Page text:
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Financial Analysts Seek Forecasting Accuracy

Investment banks tend to give fairly accurate advice to stock market participants – particularly when it comes to stock in industries such as metallurgy, mechanical engineering, transport and construction, according to the paper 'Analysis of Conflicts and Determinants of Accuracy of Forecasts in Russian Financial Analysts’ Recommendations', authored by a group of researchers of the HSE Faculty of Economic Sciences.

Investors in financial markets (including stock markets) often rely on forecasts by banks and brokerage houses based on a comprehensive analysis of individual businesses. In addition to this, investors are often guided by consensus forecasts based on computed averages of the calculations and recommendations made by major professional stock market participants on a variety of securities, from high-liquidity 'blue chips' to second and third-rate stock.

When a private investor is not capable of making their own predictions on certain aspects of the economy or a specific issuer, they turn to financial analysts who review the market in an attempt to assess the potential future value of securities and advise traders on whether they should buy, hold or sell certain stock. By producing forecasts and recommendations, reputable investment houses effectively set trends and help shape investor outlook. However, their forecasts do not always hold true.

A review of Russian financial analysts' forecasts made in 2012 showed a maximum accuracy rate of just 56% in predicting the direction of stock price change.

Andrei Bronevich and Alexander Lepskiy, Professors of the HSE Faculty of Economic Sciences, Henry Penikas, Assistant Professor of the same Faculty, and student Ekaterina Kosiuk examined the quality of forecasts and recommendations made by financial analysts at Russian investment banks. The study's authors applied quantitative analysis to available data on the quality of Russian investment bankers' recommendations and forecasts concerning the prices of Russian companies' stock, with a particular focus on the accuracy of recommendations and resulting yield, and consistency (or conflict) among them.

The authors used mathematical statistics to analyse the forecast accuracy and resulting yield, and the theory of belief function to assess consistency, i. e. consensus vs. conflict across forecasters. The study was based on approximately 5,000 recommendations and forecasts made by investment banks regarding 40 securities traded in the Russian stock market between 2012 and 2014.

The findings were presented in the paper 'Analysis of Conflicts and Determinants of Accuracy of Forecasts in Russian Financial Analysts’ Recommendations'.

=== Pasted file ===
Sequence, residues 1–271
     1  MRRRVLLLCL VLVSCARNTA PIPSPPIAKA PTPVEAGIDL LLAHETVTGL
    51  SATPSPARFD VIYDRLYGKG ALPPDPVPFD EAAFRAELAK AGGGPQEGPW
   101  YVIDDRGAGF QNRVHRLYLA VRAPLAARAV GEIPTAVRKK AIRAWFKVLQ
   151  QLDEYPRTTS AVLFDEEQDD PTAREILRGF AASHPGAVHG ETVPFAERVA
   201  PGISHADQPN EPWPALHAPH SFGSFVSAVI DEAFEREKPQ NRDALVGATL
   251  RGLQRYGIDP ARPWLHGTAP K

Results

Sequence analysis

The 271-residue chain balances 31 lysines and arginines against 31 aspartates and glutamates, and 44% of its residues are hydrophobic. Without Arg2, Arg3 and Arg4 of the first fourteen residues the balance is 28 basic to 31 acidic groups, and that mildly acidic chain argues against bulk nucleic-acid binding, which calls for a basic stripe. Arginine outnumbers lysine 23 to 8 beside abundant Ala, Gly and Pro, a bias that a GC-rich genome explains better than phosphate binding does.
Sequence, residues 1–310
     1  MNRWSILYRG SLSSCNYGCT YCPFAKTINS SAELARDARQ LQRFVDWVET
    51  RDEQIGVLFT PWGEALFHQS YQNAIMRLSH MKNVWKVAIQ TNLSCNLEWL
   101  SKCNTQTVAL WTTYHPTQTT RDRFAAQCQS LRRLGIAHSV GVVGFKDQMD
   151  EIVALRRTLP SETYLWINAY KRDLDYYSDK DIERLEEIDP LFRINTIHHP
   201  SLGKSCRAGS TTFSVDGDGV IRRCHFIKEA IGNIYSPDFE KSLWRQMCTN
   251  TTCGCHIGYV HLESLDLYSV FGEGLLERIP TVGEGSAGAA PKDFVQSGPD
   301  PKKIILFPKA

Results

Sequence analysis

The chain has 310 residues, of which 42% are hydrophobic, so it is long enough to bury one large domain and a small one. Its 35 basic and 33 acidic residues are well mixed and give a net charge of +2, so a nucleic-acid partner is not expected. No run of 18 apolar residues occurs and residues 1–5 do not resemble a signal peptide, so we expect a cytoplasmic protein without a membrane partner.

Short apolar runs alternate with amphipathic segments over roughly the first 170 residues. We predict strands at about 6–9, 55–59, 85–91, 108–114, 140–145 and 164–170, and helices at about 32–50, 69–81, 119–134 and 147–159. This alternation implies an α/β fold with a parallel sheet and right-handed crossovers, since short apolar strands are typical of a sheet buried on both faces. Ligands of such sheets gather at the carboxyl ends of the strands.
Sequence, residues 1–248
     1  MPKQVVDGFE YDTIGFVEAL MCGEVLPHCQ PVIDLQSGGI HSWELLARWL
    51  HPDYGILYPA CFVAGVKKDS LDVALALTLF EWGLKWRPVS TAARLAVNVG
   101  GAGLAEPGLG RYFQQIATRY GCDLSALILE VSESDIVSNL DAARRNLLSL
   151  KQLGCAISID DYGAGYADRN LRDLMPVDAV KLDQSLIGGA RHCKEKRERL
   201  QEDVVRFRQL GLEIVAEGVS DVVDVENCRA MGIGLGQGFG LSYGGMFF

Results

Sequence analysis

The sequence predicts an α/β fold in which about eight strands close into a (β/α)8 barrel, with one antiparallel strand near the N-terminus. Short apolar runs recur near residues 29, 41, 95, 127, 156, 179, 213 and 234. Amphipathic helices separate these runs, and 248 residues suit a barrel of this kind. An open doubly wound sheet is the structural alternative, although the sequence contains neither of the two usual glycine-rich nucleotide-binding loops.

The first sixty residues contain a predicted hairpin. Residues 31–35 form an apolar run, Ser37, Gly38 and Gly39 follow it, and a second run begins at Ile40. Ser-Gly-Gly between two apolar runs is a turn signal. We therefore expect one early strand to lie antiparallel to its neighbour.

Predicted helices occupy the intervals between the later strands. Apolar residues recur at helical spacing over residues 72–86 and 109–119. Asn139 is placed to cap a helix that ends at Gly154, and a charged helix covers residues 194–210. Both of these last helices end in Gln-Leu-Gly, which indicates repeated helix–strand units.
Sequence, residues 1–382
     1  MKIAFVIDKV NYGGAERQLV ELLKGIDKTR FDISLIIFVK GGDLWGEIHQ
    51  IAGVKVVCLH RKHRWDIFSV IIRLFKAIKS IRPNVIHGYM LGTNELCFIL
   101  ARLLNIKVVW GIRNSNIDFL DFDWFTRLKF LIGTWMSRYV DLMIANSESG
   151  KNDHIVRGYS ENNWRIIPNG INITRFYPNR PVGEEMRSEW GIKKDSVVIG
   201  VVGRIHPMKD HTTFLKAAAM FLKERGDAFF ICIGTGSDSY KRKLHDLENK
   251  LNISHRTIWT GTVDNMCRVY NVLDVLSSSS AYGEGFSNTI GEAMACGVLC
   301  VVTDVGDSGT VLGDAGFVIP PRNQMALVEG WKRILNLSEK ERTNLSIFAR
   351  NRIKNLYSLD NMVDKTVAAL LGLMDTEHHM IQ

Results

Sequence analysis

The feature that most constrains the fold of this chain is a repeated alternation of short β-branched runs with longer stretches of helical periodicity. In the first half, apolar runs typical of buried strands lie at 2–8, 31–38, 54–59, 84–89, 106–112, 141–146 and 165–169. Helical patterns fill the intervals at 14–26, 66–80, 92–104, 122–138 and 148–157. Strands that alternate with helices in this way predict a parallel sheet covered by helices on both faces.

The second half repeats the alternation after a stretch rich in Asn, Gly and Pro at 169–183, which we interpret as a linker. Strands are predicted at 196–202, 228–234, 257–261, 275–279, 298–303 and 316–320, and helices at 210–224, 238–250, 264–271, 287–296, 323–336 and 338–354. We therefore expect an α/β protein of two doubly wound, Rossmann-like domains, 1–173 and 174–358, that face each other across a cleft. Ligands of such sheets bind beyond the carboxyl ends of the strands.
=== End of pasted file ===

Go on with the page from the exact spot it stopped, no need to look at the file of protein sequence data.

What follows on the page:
Accurate Forecasts

According to the study's authors, certain banks in Russia provide consistently accurate forecasts; these are Metropol, Renaissance Capital, Goldman Sachs, J.P. Morgan and Morgan Stanley. Over the past three years, these five banks have shown more than 50% accuracy in their forecasts, exceeding 60% in some years. Investment portfolios built according to recommendations by Renaissance Capital, Goldman Sachs and Morgan Stanley have consistently brought positive yields. 

Other banks in Russia provided forecasts of varying accuracy, rating between 30% and 80% at different times, yet none of the banks in the sample performed below 50% accuracy all the time.

In addition to this, the researchers observed that the forecasting accuracy was higher for the consumer market, consistently exceeding 50%, while the yield was variable across all sectors, except the energy sector where it was consistently negative.

Independence Improves Performance

The study found that most Russian investment bankers produce their forecasts and recommendations independently, based on their own analyses and computations. Over the entire study period, forecasting conflicts, i.e. inconsistencies, stood at 78% across all recommendations and at 62% within individual sectors.

"Independence combined with accuracy of recommendations is an important characteristic of high-quality forecasts," according to the study's authors. A high degree of both independence and accuracy can be attributed to the use of exclusive forecasting methods or perhaps to access to insider information. According to Bronevich, Lepskiy, Kosiuk and Penikas, banks whose independent forecasts produce consistently high yields include Credit Suisse, Barclays and Finam.

In addition to this, the economists have identified four sectors – metallurgy, machinery, transportation and construction – where conflicting forecasts are associated with higher returns on investment. According to the authors, "forecasting conflicts can also indicate higher investment risk and uncertainty about the sector's prospects," yet a smart investment strategy should include such sectors, as they are more likely to be reviewed by banks producing high-conflict yet accurate forecasts.

According to the authors, Sberbank CIB showed the lowest accuracy and yield on its recommendations, as well as a fairly low degree of conflict (i.e. independence) of its forecasts.

 

January 27, 2016